Africa — Russia — EU: Opportunities for Interpersonal Interaction and Civil Society Development

The foreign policy situation of recent years has left a serious impact on all forms of international interpersonal interaction. Cooperation and competition have acquired a completely different connotation, and the achievement of joint or any other goals is accompanied today by a number of factors aggravating the already fragile nature of international relations framework. The “mutual alienation” and “multilayeredness” that are characteristic of relations between Russia and Europe, and the corresponding “narrowing of contacts and aggravation of tone” for some time seriously worsened the situation in all previously successful areas of cooperation: in the economy, trade and industry, healthcare, and agriculture, social sphere, science and, of course, in the entire foreign policy course as a whole.

Nevertheless, it is interpersonal relations and the language of society today that are still one of the key and least conflicting tools for dialogue. Controversial and uncompromising positions, diverging views on the international arena, sanctions policy and rivalry in foreign markets do not add a positive touch to Russian-European relations. But the modern political field is no longer inert, it requires a completely different speed reaction. But behind this swiftness, it is necessary to remember the fundamental and unshakable basics that will allow us to avoid illusions about permissiveness, impunity, lack of morality and highly risky self-confidence.

The development of print media, television and radio broadcasting in Africa is also problematic because of the varied linguistic composition of the population, the low literacy rate, especially among the poor, the uneven development of communications and infrastructure, the underdeveloped technical and technological base, and the need for additional investments (especially in TV and Internet), low solvency of the majority of the population, etc. However, the media in Africa is evolving. So, from the middle of the last century, TV broadcasting began in many countries, which became possible with the technological assistance of Western countries (USA, France, Great Britain, etc.), as well as after the creation of its own broadcasting system Afrovision (similar to Eurovision) and launched in 1993 with the assistance of UNESCO, a number of international organizations and companies of the communication satellite Afrostar. The development of print media was largely facilitated by the creation after 1960 of its own news agencies and associations of African journalists. In 1965, the Federation of Arab News Agencies, FANA, appeared, and in 1983, the Pan-African News Agency, PANA, in which 40 countries participated. One of the oldest and most widely read pan-African magazines, Jeune Afrique, largely contributes to the Western audience's awareness of Africa. This weekly French-language news magazine was founded in Tunisia in 1960 and is headquartered in Paris. Since 2000, Jeune Afrique has also run a news website. Journalists of the publishing house cover both African and international news, write about the economic and political problems of Africa. Its average circulation is 90 thousand copies. In Russia, the only profile publication on the interaction of Russia and Africa on a wide range of issues is the “Africa Active” magazine, published since 2017. Cooperation in the field of media and journalism development is a new, capacious, useful topic and, it seems, in demand. It provides an extensive field of activity. In addition to many possible measures to establish and develop cooperation in this area, it would also be useful to periodically hold international meetings of media representatives to meet, share experience and improve skills, to explore new opportunities in the field of information technology to expand and deepen knowledge about each other. After all, nothing contributes more to the achievement of mutual understanding than personal communication and awareness.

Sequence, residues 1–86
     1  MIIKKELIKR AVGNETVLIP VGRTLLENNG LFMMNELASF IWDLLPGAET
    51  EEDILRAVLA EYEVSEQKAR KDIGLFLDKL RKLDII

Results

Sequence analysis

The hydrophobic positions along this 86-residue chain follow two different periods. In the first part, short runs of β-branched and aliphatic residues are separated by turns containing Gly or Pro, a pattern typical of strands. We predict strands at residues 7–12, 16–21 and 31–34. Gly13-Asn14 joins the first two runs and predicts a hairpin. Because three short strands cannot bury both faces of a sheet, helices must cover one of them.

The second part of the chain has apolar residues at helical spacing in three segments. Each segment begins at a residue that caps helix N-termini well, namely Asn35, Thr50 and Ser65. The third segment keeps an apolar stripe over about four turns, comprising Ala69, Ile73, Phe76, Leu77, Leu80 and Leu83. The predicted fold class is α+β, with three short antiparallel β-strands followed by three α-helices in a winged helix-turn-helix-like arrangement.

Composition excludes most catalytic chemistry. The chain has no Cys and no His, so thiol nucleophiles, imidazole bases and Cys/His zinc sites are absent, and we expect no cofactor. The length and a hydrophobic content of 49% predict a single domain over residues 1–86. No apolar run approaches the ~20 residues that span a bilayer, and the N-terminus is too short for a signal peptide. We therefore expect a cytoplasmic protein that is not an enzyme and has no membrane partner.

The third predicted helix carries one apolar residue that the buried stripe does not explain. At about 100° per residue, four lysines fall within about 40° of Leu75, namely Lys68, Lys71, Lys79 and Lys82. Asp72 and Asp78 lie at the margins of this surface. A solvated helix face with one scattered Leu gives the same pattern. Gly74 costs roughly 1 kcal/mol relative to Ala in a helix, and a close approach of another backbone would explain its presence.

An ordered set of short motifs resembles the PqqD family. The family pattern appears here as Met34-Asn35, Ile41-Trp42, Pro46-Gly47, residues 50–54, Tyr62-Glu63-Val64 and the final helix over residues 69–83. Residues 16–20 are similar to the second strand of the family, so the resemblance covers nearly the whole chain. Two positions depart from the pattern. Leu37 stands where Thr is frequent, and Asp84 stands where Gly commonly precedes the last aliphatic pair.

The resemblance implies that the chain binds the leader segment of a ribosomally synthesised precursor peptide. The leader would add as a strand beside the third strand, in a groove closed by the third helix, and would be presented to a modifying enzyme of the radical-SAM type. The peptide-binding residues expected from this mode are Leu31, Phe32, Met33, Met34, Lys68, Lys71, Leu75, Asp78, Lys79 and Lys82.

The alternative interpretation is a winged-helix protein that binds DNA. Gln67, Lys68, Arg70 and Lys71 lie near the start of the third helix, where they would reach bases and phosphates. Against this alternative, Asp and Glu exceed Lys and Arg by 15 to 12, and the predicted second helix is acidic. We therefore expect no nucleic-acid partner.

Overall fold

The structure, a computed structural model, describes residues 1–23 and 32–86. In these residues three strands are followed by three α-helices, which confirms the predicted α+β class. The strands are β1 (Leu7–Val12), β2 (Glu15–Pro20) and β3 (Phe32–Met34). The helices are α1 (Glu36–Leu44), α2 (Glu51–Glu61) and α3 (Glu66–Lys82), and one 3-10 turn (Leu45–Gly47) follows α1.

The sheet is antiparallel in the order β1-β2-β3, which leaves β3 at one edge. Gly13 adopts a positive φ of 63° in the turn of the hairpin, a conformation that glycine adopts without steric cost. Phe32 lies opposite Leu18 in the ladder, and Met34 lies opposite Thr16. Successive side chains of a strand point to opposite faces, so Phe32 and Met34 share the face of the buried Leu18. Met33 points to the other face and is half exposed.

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  10 July 2020